The city outlined its decision on its website on Tuesday, highlighting the fact that each year more than 20,000 new residents move to Geneva, many of whom are not francophone.
“Multilingualism constitutes a reality in a city like Geneva,” it said, adding that “language should not be a barrier to obtaining public services.”
After meeting with targeted groups of foreigners in the city, officials from the department of social cohesion and solidarity decided to translate key documents into the five languages most commonly spoken in Geneva after French.
Apart from English, the languages are Portuguese, Spanish, Albanian and Arabic.
Lack of official information in English has long been a bugbear for anglophones in Geneva, which is home to the UN's European headquarters and more than 40 international organizations, many of whom use English as a primary language.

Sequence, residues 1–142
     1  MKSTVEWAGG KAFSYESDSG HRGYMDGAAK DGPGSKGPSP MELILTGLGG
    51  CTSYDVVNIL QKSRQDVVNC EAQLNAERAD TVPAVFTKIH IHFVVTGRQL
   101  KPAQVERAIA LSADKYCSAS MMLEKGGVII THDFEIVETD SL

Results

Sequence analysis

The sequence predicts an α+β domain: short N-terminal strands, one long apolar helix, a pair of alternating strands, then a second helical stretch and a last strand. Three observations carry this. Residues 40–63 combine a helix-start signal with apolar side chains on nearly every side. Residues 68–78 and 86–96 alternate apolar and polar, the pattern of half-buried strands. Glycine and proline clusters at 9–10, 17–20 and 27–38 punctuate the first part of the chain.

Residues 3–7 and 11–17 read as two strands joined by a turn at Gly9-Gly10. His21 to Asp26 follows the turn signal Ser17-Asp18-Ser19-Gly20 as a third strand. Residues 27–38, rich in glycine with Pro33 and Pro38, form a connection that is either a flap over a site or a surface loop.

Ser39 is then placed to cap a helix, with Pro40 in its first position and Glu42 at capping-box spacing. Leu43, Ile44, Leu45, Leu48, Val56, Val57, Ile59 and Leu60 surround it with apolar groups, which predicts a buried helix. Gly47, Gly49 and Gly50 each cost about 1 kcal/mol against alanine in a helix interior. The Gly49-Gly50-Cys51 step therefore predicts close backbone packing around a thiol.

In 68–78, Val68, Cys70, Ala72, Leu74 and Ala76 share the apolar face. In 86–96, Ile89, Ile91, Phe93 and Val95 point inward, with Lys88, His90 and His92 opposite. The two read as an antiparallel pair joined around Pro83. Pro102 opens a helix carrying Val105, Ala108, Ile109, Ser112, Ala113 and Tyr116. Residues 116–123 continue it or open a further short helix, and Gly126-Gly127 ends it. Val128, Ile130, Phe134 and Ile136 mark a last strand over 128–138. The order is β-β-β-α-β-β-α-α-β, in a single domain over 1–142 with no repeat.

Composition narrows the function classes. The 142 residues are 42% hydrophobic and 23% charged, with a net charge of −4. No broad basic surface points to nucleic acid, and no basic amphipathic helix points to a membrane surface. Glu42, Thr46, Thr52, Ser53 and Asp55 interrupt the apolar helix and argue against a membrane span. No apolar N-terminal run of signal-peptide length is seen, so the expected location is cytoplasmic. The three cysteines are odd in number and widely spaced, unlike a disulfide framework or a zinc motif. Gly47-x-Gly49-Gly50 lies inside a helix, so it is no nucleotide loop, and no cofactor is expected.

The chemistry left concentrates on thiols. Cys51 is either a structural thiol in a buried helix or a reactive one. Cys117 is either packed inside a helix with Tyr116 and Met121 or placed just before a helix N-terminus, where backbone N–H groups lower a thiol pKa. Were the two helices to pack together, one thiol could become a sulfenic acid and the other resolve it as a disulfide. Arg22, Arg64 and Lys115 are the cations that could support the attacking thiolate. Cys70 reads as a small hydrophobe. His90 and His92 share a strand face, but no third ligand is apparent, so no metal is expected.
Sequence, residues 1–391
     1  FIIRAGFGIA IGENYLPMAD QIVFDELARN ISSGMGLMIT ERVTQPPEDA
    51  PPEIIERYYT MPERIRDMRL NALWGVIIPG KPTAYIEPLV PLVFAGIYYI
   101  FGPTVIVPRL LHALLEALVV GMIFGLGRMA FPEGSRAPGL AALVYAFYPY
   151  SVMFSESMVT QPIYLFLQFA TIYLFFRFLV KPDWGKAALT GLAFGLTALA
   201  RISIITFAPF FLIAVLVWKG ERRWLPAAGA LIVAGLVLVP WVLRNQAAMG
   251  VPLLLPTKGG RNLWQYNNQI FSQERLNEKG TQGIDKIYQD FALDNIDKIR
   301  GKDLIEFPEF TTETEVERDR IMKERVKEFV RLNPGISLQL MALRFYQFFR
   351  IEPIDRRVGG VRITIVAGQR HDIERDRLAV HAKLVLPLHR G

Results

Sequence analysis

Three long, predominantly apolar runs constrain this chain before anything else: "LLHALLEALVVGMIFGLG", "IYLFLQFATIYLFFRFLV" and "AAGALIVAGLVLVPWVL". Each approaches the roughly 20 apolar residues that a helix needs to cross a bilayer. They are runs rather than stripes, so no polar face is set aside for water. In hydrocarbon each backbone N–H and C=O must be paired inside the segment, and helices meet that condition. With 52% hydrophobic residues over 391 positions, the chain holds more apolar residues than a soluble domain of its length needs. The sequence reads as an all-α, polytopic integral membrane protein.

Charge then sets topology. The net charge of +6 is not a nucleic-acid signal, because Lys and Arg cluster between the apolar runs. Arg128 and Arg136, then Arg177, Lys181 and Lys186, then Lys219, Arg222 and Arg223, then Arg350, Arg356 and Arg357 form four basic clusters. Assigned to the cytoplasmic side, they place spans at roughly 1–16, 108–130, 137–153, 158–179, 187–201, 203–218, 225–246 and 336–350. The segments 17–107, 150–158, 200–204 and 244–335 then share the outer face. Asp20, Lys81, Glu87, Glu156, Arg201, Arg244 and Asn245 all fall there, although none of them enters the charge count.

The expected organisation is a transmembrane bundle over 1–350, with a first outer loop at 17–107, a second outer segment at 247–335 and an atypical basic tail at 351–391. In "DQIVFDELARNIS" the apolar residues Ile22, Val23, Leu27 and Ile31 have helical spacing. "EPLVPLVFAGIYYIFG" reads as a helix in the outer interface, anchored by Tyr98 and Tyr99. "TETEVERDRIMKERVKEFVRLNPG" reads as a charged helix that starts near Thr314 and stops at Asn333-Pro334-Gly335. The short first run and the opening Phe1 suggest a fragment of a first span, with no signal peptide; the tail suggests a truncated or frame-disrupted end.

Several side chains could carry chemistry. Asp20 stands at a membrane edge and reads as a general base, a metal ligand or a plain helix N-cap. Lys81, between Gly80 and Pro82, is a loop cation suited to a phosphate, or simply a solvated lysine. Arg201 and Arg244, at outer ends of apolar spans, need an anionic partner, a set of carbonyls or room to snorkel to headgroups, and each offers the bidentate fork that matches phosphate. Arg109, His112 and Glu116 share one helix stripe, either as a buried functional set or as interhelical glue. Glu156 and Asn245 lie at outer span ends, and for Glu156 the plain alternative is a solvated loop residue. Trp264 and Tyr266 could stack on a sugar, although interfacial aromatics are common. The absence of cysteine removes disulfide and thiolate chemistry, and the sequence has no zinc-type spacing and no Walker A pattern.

Members of city council, headed by mayor Esther Alder, said they recognized it was essential that Geneva assume its status as an international city and address itself to the numerous foreign communities that live there.
“International civil servants, expats and migrants today need to understand without delay the major formalities linked to their arrival,” the website news release said.
“Experience shows that translations of basic documents facilitate integration and positively influence people who are subsequently able to better exercise their rights and their obligations toward the community.”
The documents to be translated include information about steps for new residents to take, in addition to information about children's daycare services, neighbourhood centres, public works, libraries and culture and sports services.
Since December 2015, multilingual services have been available at four information centres in the city, with help from different language association groups.